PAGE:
This is a classic example used in many textbooks, papers, and talks on forecast verification to illustrate the characteristics of the various categorical verification scores (e.g., Murphy, 1996; Stephenson, 2000).

In March 1884 Sergeant John Finley initiated twice daily tornado forecasts for eighteen regions in the United States, east of the Rocky Mountains. Finley claimed 95.6% to 98.6% overall accuracy for the first 3-month period, depending on the time and district, with some districts achieving 100% accuracy for all 3 months. A critic of the results pointed out that 98.2% accuracy could be had by merely forecasting "no tornado"! This clearly illustrates the need for more meaningful verification scores.

The contingency table for Finley's (1884) forecasts is:

The standard categorical verification scores are computed and interpreted below:

Accuracy (fraction correct)    Overall, 96.6% of the forecasts were correct.

Bias score (frequency bias)      Tornados were predicted roughly twice as often as they occurred.

Probability of detection (hit rate)     Slightly more than half of the tornados that occurred were correctly predicted to occur.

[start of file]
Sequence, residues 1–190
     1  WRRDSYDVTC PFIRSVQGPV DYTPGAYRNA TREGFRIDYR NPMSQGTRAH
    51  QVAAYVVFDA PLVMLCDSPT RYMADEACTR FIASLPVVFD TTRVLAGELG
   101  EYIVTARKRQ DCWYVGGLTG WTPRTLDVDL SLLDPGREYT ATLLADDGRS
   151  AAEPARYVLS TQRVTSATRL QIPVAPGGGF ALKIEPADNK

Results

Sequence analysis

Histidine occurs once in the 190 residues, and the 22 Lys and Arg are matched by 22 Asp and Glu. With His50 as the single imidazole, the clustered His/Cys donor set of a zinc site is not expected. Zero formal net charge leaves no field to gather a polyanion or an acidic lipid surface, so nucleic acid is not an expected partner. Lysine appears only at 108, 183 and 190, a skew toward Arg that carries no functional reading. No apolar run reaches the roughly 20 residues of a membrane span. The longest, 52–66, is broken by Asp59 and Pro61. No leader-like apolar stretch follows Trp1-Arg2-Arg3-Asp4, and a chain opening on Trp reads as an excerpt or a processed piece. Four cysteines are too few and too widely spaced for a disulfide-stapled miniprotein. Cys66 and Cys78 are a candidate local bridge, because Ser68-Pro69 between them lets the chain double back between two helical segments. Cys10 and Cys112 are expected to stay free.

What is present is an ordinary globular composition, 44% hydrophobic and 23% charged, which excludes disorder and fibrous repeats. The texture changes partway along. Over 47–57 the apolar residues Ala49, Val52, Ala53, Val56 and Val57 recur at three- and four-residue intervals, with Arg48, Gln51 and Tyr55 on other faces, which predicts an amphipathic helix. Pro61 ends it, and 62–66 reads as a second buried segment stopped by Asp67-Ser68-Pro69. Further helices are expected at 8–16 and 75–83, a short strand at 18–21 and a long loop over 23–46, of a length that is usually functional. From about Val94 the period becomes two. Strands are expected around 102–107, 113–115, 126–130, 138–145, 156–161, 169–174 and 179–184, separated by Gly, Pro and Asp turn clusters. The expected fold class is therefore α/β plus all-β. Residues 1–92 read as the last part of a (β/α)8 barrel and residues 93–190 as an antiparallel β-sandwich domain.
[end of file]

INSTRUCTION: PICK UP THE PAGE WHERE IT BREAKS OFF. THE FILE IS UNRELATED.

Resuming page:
False alarm ratio      72% of the forecasts for tornados turned out to be false alarms (no tornado occurred).

Threat score (critical success index)     Of the tornado events that were either forecast or observed, 23% of those were correctly forecast.

Equitable threat score (Gilbert skill score) -
where          Since one could expect to get very few positive tornado forecasts correct due to random chance (only about 2 out of a total of 2803 forecasts), the ETS is almost the same as the TS.

Hanssen and Kuipers discriminant (true skill statistic, Pierce's skill score)

The forecasts were 52% able to separate the "yes" cases from the "no" cases. Because the correct negatives term dominates the others in the contingency table, the HK tends toward the POD when "yes" events are rare.

Heidke skill score

There was a 36% improvement in forecast accuracy when compared to random chance.

Odds ratio     The odds were roughly 45 to 1 that a forecast for a tornado would be a hit as opposed to a false alarm.

References:

Finley, J.P., 1884: Tornado predictions. Amer. Meteor. J., 1, 85-88.
Murphy, A.H., 1996: The Finley affair: A signal event in the history of forecast verification. Wea. Forecasting, 11, 3-20.
Stephenson, D.B., 2000: Use of the "odds ratio" for diagnosing forecast skill. Wea. Forecasting, 15, 221-232.